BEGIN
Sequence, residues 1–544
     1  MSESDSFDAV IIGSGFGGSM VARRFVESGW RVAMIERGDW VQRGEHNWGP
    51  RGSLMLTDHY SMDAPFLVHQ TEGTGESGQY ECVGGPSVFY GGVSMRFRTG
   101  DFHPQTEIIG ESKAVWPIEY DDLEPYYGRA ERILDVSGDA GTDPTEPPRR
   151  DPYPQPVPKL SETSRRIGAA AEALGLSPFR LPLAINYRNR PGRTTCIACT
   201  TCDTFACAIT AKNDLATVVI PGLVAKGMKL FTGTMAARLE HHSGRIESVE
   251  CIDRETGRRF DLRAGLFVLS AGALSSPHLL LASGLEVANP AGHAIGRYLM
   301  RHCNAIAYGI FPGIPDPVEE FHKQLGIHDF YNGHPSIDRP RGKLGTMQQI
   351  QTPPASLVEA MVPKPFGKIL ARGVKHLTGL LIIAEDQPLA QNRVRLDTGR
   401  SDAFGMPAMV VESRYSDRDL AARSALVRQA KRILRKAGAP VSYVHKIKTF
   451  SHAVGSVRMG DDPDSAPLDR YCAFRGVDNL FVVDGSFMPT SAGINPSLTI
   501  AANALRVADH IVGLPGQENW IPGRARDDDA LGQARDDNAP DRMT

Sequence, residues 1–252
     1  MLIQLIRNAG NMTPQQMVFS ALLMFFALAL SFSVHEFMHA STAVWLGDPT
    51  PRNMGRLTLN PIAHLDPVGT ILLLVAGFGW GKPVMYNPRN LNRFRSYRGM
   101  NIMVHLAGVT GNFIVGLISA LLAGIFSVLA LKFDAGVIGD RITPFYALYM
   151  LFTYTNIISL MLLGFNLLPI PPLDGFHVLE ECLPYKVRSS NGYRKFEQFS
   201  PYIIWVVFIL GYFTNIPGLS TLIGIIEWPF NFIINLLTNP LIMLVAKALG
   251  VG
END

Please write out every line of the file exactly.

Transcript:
Sequence, residues 1–544
     1  MSESDSFDAV IIGSGFGGSM VARRFVESGW RVAMIERGDW VQRGEHNWGP
    51  RGSLMLTDHY SMDAPFLVHQ TEGTGESGQY ECVGGPSVFY GGVSMRFRTG
   101  DFHPQTEIIG ESKAVWPIEY DDLEPYYGRA ERILDVSGDA GTDPTEPPRR
   151  DPYPQPVPKL SETSRRIGAA AEALGLSPFR LPLAINYRNR PGRTTCIACT
   201  TCDTFACAIT AKNDLATVVI PGLVAKGMKL FTGTMAARLE HHSGRIESVE
   251  CIDRETGRRF DLRAGLFVLS AGALSSPHLL LASGLEVANP AGHAIGRYLM
   301  RHCNAIAYGI FPGIPDPVEE FHKQLGIHDF YNGHPSIDRP RGKLGTMQQI
   351  QTPPASLVEA MVPKPFGKIL ARGVKHLTGL LIIAEDQPLA QNRVRLDTGR
   401  SDAFGMPAMV VESRYSDRDL AARSALVRQA KRILRKAGAP VSYVHKIKTF
   451  SHAVGSVRMG DDPDSAPLDR YCAFRGVDNL FVVDGSFMPT SAGINPSLTI
   501  AANALRVADH IVGLPGQENW IPGRARDDDA LGQARDDNAP DRMT

Sequence, residues 1–252
     1  MLIQLIRNAG NMTPQQMVFS ALLMFFALAL SFSVHEFMHA STAVWLGDPT
    51  PRNMGRLTLN PIAHLDPVGT ILLLVAGFGW GKPVMYNPRN LNRFRSYRGM
   101  NIMVHLAGVT GNFIVGLISA LLAGIFSVLA LKFDAGVIGD RITPFYALYM
   151  LFTYTNIISL MLLGFNLLPI PPLDGFHVLE ECLPYKVRSS NGYRKFEQFS
   201  PYIIWVVFIL GYFTNIPGLS TLIGIIEWPF NFIINLLTNP LIMLVAKALG
   251  VG